The facets of the modern racial experience are so vast that you can't start one conversation without beginning several others. Perhaps that's why many of our relatives, loved ones, co-workers and casual acquaintances are so quick to dichotomize race issues and move on, because to them, it's all just black and white.
I apologize to Macklemore and Ryan Lewis for beginning a piece about their upcoming show with a polemic on race. However, when working in an African-American-dominated medium it bears stating that we, white people, often cannot allow ourselves to simply be spectators. That, as the subjects of a country literally designed for white economic and social betterment, we feel one of the tenets of our privilege is to not have to earn our involvement in a particular cultural ritual, but that in the name of progress and inclusion, we deserve a place at the table. Because, after all, to do otherwise would be racism, reverse racism.
The irony of white folks' inability to appreciate cultural rituals from the sidelines is that far too often we have remained entirely neutral, silent and submissive when another white person or people terrorized people of color.
Again, it pains me to begin a piece on two musicians this way, but they aren't playing West Virginian hillbilly music or Anglo-Saxon ballads. And they aren't fledgling musicians anymore, either. The lyrics to "Ten Thousand Hours" clearly state such. I can sympathize with the years of hard work, sleeping in basements, trying your damnedest to get some "tastemaker," some blog-writing Internet jockey to substantiate your art and make you rich as fuck so you can finally quit Subway and Jet Ski all day. For that time I'm sure Ben Haggerty, the birth name of the man known as Macklemore, now feels substantiated and that his success is well-deserved.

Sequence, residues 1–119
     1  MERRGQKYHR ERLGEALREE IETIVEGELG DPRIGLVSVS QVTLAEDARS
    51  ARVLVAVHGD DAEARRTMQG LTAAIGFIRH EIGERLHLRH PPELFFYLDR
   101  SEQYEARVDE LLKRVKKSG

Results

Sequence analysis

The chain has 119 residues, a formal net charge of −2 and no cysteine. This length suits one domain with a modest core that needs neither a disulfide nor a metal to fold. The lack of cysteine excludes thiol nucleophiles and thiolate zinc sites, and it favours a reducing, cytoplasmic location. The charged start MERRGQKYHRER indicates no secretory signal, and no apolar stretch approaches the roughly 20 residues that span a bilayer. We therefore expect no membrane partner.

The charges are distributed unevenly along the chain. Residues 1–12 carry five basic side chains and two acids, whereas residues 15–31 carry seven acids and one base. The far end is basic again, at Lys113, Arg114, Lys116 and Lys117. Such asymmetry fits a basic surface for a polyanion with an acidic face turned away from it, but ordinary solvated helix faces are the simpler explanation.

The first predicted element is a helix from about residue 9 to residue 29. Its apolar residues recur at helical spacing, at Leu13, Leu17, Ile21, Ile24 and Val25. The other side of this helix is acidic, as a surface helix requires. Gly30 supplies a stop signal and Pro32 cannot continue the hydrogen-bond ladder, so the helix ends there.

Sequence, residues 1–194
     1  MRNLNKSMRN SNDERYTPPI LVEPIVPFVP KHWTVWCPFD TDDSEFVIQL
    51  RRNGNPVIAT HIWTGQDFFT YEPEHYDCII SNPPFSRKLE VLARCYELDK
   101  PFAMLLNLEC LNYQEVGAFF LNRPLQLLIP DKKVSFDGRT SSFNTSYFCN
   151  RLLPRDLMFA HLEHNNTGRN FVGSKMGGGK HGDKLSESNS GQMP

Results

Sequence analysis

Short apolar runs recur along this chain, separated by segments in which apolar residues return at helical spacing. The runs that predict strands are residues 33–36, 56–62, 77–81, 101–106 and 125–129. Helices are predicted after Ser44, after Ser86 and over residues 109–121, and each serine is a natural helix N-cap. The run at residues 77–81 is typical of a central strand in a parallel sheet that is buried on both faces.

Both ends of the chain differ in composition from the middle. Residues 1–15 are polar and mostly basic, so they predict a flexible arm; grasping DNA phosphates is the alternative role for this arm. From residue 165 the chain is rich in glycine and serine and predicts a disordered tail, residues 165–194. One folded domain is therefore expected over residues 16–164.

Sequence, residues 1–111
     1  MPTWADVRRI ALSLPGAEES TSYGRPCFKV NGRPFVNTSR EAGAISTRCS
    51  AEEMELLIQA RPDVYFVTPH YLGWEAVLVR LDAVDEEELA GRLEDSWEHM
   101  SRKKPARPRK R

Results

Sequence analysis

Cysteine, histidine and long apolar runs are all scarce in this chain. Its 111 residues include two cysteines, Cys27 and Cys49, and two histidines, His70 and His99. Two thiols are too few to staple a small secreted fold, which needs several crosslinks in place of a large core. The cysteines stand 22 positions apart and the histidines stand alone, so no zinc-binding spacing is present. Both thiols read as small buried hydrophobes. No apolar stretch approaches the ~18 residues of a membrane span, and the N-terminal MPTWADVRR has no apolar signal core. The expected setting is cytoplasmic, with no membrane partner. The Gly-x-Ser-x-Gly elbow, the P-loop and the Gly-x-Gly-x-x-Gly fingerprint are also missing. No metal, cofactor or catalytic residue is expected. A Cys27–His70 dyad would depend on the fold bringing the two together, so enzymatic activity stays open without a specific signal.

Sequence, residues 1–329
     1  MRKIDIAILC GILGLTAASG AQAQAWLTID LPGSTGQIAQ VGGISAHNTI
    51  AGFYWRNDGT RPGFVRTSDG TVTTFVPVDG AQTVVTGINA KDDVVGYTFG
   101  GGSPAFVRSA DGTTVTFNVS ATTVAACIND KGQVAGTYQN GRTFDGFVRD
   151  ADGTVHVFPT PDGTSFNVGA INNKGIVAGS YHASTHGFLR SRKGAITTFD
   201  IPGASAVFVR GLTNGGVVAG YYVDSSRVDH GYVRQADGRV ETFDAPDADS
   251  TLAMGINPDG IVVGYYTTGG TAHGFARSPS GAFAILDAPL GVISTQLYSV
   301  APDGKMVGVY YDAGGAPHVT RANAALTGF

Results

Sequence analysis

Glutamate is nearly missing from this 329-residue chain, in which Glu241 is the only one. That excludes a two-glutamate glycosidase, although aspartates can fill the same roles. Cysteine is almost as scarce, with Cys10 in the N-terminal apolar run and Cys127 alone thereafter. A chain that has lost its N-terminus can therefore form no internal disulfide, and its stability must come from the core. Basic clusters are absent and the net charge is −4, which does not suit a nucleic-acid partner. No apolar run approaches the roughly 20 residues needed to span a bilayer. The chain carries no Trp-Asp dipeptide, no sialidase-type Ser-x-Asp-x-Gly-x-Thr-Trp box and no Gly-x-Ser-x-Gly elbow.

The Heist, the breakthrough record from the duo, is one of those records that was almost sure to make a splash in the pop markets. All that was needed was a marketing budget. On its own, all things fair, it's a topically sound record. In the field of hip-hop pop, it's a bar-setter. ATL trap it isn't, it's also not the smoove righteousness of Compton's Kendrick and it isn't industrial-strength Yeezy; closer to a PG-13 Drake-does-Seattle.
This is where props need to be given to the duo. They aren't the white prep school kid that becomes an Internet sensation because of the disgusting obliviousness of his Rodney King Halloween costume. Macklemore has invested years into his craft. That's years of navigating a scene that, for all we know, is as authentic and real to him as it is for anyone else. What the success of the duo does illustrate is not only the expanding doors of hip-hop, but the expanding doors of cultural authenticity.
We know that race is a social construct. We know it has been a dividing line for those in power to pit us against each other. To erect tough hurdles and sit back and proselytize on the inferiority of one "race" as they struggle to overcome said obstacles.
Interestingly, Haggerty and Lewis have helped jimmy the doors of acceptance open for others who have not always been a part of mainstream hip-hop culture. Their championing of gay rights in the single "Same Love" is the kind of alliance-building and humanistic assertion that not only makes for great art and culture, but expands it. It satisfies some of the long-held requirements of hybridization and syncretism, of the joining and evolution of cultures: taking something old and/or established (hip-hop), and reinvigorating it with a new perspective. It further illustrates the point that it is in fact our differences, our complexities that make us better human beings. It shows us that we must go forward. If we approach any art form with respect when necessary, reverence when required, criticism and an equitable dialogue, then we're forging a new culture altogether, toward inclusivity and unity.
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